I usually am a happy person and grateful to have health, financial security and food on the table. Given the profound loss of loved ones, jobs, the virus setbacks and all of the other tragic results of this pandemic, I almost feel guilty with my concern. With all that I have, I am not experiencing moments of contentment or happiness. And I am reminded of the word as we all wished one another Happy Holidays and Happy New Year. I just don’t feel it. Is there anything I can do to feel some level of happiness during these difficult times? P.L.
You have identified a word and feeling that is getting increased attention from authors, educators and researchers. Interest in the subject dates back to over 2,500 years ago with Confucius, Buddha, Socrates and Aristotle. It continues to be an area of discourse and research today, and here is a recent story that addresses your concern.
In 2018, Yale psychology professor Laurie Santos took on a new role that meant she would live with students on campus and observe their daily lives. She witnessed their high levels of stress and anxiety, their loneliness and worry about grades. Based on her observations and a national survey of college students, she decided to create a new class on the science of happiness. The first week, over 1,000 students showed up; it became the largest class in Yale’s history with just under one-quarter of all students registering.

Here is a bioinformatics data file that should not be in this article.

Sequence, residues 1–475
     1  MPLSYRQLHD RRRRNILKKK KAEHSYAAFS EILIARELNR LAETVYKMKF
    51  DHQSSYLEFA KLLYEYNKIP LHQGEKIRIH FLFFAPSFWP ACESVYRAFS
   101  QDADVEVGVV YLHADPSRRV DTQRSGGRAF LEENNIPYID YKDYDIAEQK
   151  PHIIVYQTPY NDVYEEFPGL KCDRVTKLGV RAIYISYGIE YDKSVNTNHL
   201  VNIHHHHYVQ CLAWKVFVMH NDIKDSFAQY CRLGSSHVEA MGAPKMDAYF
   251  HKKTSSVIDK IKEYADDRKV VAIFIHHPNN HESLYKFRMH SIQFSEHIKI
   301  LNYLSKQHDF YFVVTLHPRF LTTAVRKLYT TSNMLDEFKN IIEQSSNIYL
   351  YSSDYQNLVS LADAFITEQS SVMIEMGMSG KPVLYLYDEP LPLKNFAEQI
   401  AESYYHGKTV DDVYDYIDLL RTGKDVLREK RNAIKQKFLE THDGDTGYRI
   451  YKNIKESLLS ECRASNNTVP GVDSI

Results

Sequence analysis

The good news is that a course designed by Santos is available through Coursera.org for free; more than 3.2 million people having signed up.
Santos distilled five practices backed by science that enhance happiness.
Become social: A study looked at folks scoring the highest tenth percentile on happiness surveys and found the one activity that distinguished them from others was that happy people were more social. Results lead researchers to conclude that being social was a necessary condition for feeling a high degree of happiness.
Express gratitude: Studies indicate that grateful people are happier and have lower levels of the stress hormone cortisol. Health care workers who express gratitude by writing in a gratitude journal are less stressed and depressed. Those suffering from chronic pain who express gratitude improve their quality of sleep and their mood.
Be in the moment: A growing body of research shows that just focusing on the here and now – the moment – makes us feel better. For example, meditation practice for just five to ten minutes a day can boost concentration and mood levels and get rid of negative emotions that often lead to negative behaviors.
Sleep and move: Sleep is important for both physical and mental health. We are aware of sleep hygiene such as no devices in the bedroom, using the bedroom space for sleep only and more. Movement is equally important in boosting happiness. One study found that one-half hour of cardio exercise on a stationary bike can reduce feelings of tension, anger, depression and fatigue.
Be kind: People who …read more
Source:: Los Angeles Daily News